Just as children sometimes protest that they “have no choices” or are “controlled” by their parents’ rules and requirements, so immature Christians sometimes resent the limits God’s word places on our behavior. Paul did not imply that Timothy was spiritually immature, or even that he was in any way feeling “boxed in” by being a Christian, but in 2 Timothy 2:3-7, Paul indirectly addresses this attitude (as something Timothy would undoubtedly confront, and need to answer, in others). Through three examples, he points out that the Christian’s life is a voluntary one – there are NO “draftees” in the Lord’s “army” (vv. 3-4).
Serving the Lord unquestionably does involve “hardship” at times (see 2 Corinthians 1:4 & Revelation 2:9-10), whether by persecution from outside the body or the distress of having to make hard personal choices. Paul’s words emphasize that this is a temporary distress, not a permanent one (something to endure – which implies it will end). His reference in verse 4 to being “chosen” (KJV – most modern versions say “enlisted”) highlights the fact that every Christian enters the Lord’s “army” freely, of our own choice; none of us was forced into His service. Likewise athletes and even farmers participate in their respective activities (vv. 5-6) by choice, and with the understanding that there are “rules” they cannot change.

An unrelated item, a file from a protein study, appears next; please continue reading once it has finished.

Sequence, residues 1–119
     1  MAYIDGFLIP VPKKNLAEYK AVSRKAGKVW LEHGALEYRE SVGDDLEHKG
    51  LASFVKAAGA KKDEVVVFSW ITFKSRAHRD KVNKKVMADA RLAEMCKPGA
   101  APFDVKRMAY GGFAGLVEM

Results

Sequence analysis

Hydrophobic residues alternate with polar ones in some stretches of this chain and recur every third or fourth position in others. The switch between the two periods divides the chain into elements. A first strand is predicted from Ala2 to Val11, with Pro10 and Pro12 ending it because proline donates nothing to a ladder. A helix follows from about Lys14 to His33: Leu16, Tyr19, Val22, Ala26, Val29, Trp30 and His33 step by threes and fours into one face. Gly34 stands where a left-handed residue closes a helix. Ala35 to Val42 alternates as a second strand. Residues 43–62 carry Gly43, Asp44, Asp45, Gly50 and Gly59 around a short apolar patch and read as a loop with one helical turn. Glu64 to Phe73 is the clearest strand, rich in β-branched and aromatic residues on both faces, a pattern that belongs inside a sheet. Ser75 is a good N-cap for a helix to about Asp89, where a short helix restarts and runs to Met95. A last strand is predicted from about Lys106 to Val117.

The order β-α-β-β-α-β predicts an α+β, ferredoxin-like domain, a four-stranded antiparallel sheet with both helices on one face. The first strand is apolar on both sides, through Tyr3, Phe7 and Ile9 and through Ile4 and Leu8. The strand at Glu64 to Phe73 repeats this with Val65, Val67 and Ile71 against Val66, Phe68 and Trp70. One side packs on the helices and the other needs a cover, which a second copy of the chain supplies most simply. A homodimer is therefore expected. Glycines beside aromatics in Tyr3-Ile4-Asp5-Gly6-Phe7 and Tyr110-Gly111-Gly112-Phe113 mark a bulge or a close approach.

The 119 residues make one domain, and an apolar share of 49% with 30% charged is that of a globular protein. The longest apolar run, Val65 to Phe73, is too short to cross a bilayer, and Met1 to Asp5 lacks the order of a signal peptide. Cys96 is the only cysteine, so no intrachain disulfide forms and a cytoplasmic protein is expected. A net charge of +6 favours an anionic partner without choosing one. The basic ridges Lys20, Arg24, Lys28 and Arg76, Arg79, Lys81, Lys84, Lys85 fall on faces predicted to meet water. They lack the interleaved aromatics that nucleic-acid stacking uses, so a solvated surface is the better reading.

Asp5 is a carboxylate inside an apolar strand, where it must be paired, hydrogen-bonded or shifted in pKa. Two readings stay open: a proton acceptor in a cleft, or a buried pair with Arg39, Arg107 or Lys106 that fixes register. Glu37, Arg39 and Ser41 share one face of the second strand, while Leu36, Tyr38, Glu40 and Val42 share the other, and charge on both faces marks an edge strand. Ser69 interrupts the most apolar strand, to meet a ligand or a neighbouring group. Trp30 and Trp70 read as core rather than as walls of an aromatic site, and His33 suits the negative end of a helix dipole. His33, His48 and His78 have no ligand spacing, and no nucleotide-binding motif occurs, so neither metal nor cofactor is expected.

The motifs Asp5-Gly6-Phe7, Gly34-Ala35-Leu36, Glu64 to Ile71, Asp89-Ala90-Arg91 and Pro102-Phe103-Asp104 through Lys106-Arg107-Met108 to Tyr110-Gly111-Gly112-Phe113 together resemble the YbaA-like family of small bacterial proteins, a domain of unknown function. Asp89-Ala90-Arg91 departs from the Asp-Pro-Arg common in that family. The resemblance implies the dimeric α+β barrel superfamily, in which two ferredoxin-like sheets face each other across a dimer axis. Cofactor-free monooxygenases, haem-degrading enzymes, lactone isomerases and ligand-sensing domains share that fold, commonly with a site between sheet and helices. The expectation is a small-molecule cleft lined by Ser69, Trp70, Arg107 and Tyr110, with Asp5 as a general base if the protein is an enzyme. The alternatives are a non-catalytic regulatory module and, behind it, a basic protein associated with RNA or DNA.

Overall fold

At verse 10 Paul makes a vitally important point when he “locates” the salvation we seek – it is “in” Christ Jesus. This agrees with his words in 2 Corinthians 5:17 and Galatians 6:15, about Christians having a “new” life because of Christ. It also should take us back to his statements in Romans 6:3-6 and Galatians 3:27, where we see that a person “enters” the body/church of Christ (Colossians 1:18) by being baptized into Christ. No one is a Christian who has not been baptized into Christ, because this is the point when God cleanses/“washes” us of our sins (1 Corinthians 6:11 & Revelation 1:5). Only by “dying” (to sin) are we able to live with our Savior eternally, verse 11 (cf. Galatians 2:20-21).
Another important lesson for Christians to learn and remember comes in 2 Timothy 2:13, where Paul compares inconsistency of humanity to the consistency of God. We tend to think of God as being “like” us, instead of striving to imitate HIS qualities in our own lives, and this can lead us into thinking that He could be as petty and hypocritical as we can. The vital lesson of this verse is simply that our inconsistency does not change God’s character at all! We may convince ourselves that a moment of weakness or hypocrisy is “justified” because we don’t want to deal with the “hardship” of doing what we know is right (see vs. 3 again!), but God’s character never changes at all (Hebrews 13:8), and there is nothing we can “hide” from Him (Hebrews 4:13).
One other lesson to note in 2 Timothy 2 comes from reading and meditating on the familiar words of verse 15 (about “rightly dividing”/properly handling the word of truth). If the scriptures can be handled “properly,” this fact also implies that we can handle God’s word improperly as well. This is exactly what Satan did in Matthew 4:1-11, when he quoted scripture in trying to tempt Jesus, and this is also what Peter describes in 2 Peter 3:16, when he wrote of those who “wrest” or distort the scriptures, which results in their own (spiritual) destruction.